Every year, Urban Forestry grants provide assistance to communities throughout Wisconsin, and can be awarded to cities, villages, towns, counties, tribes and nonprofit organizations. This year, the city of Menomonie received a $9,000 grant to help pre-emptively remove ash trees in the city parks to prevent the spread of emerald ash borer, a pest spreading throughout Wisconsin. Thirty trees will be removed and replaced with hackberry, honeylocust, Kentucky coffeetree, swamp white oak, Redmond linden and Princeton elm. Continue reading “Menomonie re-uses ash trees”
Breathe in… breathe out. The clear air that fills your lungs has been purified by trees. Clean air is one of the many ecological, economic and social benefits trees provide us. Trees also reduce crime rate, increase property values, reduce heating and cooling costs, increase tests scores, beautify communities, and provide lumber by-products. In late April, people around the world, both old and young, took time to celebrate these and other benefits by participating in Arbor Day celebrations. Continue reading “Wisconsin celebrates Arbor Day”
DNR Urban Forestry staff, led by Urban Forestry Coordinator Olivia Witthun, successfully planned and executed a 4-day annual meeting for the Northeastern Area Association of State Foresters – Urban & Community Forestry Committee (NAASF UCF) in Madison in May. Continue reading “NAASF UCF conference review”
Green Tier, a voluntary program administered by the DNR, works with entities conducting their business beyond compliance requirements and looking for ways to improve. Currently there are 82 participants with 248 facilities in the program along with six Green Tier Charters, including the Legacy Communities [exit DNR] and Wisconsin Urban Wood charters. Continue reading “Learn about Green Tier”
The Wisconsin Arborist Association recently created a job board, hosted on their website, to connect businesses and potential employees. These posts showcase available arboriculture positions in Wisconsin listed by region, company name, and are also grouped alphabetically. This webpage provides the opportunity for individuals to search for jobs as well as giving companies a venue for posting openings in their businesses. Continue reading “Consider viewing the WAA job board”
A recently published report from The Nature Conservancy titled “Planting Healthy Air,” detailed which cities could benefit most from tree plantings, focusing on the benefit they could gain from the heat and PM (particle matter) reduction credited to tree plantings. This report found that investing $4 per resident in these cities for tree planting could improve the health of millions, further showcasing trees as a cost-effective solution for air pollution and heat islands, among many other urban difficulties. Continue reading “Trees help clean the air”
A severe storm on May 16, 2017 left a path of destruction through some woodlands in Barron and Rusk counties. (See DNR news release.)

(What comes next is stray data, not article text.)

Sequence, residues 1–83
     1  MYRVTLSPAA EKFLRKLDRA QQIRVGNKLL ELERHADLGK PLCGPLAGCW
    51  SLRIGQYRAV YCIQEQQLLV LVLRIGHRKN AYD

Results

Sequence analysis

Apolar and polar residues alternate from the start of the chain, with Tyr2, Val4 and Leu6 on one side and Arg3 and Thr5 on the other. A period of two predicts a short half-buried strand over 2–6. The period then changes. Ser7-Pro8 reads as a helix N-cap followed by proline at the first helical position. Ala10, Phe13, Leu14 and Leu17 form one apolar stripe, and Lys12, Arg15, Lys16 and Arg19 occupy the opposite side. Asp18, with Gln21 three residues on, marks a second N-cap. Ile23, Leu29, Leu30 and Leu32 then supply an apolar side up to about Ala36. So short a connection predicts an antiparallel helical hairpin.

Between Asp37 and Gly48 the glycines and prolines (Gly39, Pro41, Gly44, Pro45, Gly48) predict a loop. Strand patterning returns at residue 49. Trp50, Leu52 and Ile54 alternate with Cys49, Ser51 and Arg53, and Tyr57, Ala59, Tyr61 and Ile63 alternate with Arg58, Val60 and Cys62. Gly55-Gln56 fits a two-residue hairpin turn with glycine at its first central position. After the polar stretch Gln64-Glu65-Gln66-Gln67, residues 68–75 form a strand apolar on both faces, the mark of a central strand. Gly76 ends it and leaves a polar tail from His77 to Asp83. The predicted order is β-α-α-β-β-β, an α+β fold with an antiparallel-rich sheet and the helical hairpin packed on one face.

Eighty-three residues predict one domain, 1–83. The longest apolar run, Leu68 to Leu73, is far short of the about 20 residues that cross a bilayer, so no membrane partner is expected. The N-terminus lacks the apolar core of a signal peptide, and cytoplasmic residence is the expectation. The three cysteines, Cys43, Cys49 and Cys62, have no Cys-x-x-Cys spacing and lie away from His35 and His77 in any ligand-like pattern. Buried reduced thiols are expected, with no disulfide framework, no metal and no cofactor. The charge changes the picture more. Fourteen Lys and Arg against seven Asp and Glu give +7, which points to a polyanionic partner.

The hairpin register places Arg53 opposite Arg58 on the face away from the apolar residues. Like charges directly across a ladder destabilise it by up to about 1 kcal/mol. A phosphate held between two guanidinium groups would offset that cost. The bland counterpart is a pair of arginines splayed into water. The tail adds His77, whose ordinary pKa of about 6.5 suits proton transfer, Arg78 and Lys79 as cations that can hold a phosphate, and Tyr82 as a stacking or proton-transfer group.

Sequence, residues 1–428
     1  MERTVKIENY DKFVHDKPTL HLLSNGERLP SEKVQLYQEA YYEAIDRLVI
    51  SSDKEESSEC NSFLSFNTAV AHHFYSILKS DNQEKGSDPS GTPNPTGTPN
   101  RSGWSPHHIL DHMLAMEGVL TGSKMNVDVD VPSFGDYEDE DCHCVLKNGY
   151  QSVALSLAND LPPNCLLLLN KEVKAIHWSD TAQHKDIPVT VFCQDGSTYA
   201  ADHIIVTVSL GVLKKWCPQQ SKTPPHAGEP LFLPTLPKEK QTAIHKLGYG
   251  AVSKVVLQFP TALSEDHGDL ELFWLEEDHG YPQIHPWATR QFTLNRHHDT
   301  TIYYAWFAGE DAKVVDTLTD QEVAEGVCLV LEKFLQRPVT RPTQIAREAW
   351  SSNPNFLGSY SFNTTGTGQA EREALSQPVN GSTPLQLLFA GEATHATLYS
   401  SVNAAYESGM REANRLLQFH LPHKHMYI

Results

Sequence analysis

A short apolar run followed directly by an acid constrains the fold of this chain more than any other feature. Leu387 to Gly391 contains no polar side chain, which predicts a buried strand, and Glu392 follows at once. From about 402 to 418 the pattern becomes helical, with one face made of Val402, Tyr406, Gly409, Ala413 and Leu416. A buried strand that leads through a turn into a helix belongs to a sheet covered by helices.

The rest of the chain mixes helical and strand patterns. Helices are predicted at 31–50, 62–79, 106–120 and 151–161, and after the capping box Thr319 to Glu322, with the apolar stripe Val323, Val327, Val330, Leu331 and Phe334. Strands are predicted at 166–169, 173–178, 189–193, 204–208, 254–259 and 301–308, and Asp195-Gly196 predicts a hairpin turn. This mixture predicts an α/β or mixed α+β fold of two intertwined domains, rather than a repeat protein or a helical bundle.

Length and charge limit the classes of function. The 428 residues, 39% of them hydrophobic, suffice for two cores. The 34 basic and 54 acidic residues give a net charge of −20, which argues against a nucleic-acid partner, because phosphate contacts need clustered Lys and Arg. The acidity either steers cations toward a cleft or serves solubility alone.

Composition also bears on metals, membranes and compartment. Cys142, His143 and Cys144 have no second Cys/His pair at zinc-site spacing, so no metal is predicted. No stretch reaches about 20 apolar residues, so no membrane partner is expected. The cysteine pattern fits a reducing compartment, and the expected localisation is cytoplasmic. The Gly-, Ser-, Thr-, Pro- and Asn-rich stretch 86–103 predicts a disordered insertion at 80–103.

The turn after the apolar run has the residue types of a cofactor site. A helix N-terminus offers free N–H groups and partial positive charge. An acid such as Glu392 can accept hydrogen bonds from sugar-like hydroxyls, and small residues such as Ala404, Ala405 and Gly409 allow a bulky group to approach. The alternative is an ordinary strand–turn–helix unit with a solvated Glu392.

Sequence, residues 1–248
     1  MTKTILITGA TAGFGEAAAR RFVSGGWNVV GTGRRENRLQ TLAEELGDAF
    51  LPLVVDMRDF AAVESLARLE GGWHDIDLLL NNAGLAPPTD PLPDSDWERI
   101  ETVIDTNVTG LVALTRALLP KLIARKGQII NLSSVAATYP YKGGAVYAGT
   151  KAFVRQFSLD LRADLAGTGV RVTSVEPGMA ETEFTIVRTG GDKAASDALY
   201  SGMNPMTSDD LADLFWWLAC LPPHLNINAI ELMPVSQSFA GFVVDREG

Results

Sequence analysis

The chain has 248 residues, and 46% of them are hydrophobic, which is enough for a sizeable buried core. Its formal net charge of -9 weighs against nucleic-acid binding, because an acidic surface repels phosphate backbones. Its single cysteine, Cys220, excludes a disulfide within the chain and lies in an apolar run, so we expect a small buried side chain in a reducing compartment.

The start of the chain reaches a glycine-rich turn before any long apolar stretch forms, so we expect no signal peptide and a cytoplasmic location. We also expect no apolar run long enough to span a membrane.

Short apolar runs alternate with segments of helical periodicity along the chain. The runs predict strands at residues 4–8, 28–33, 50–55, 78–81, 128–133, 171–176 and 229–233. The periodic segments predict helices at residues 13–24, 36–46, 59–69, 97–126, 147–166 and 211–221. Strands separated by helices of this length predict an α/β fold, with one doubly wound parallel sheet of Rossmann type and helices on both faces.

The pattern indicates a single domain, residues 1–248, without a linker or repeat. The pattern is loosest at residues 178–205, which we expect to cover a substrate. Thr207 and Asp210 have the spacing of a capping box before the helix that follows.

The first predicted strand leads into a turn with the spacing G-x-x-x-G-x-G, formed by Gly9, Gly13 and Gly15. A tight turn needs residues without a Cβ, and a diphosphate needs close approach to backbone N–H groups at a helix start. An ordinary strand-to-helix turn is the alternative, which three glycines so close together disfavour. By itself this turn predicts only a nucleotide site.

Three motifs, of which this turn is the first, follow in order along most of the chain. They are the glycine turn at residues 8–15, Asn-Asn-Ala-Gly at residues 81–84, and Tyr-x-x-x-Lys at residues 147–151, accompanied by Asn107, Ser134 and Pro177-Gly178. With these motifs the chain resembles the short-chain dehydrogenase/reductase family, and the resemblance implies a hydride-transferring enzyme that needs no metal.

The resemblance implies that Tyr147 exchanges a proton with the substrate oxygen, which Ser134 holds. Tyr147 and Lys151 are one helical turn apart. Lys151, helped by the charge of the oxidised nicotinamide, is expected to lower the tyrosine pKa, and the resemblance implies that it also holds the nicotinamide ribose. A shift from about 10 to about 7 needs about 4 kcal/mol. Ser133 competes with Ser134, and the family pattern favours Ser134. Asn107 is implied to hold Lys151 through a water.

If you are among the impacted landowners, the Division of Forestry invites you to visit this storm recovery page for advice and links to resources. Your local DNR forester is always a good starting point for assistance.
This blog post from the University of Minnesota titled “Dealing with storm-damaged trees and woods” may also be of interest.
Posted by Kirsten Held, DNR Forestry Outreach Specialist, Kirsten.Held@Wisconsin.gov
This June, gypsy moth populations may rise to damaging levels in parts of Wisconsin. High numbers of gypsy moth caterpillars are a tremendous nuisance and can strip trees of their leaves. Combined with other stresses, such as drought or attacks by additional tree pests, this may kill the tree. The insect’s favorite food is oak leaves, but it will feed on many other tree species such as aspen, birch, crabapple and willow. You can take action to reduce the number of caterpillars that will feed on your trees, including placing sticky barrier bands on the susceptible tree species. Continue reading “Prepare now – gypsy moth caterpillars return”
The forest health program is in the process of updating some of our publications as Forest Health Fact Sheets. These publications offer biology, impact, prevention and management information about specific threats to forest health. Our new oak wilt fact sheet and hickory dieback and mortality fact sheet are currently available on the DNR’s forest health oak wilt and bark beetle webpages and will be available in the DNR’s online publications catalog in the near future. Enjoy!
Written by: Mike Hillstrom, forest health specialist, Wisconsin Dells (Michael.Hillstrom@Wisconsin.gov), 715-459-1371.
Two UW Extension Garden Facts documents have been updated with the latest information on treating trees to protect them from emerald ash borer. Check out the Homeowner Guide and the Professional Guide.
Written by: Linda Williams, forest health specialist, Green Bay, (Linda.Williams@wisconsin.gov), 920-662-5172.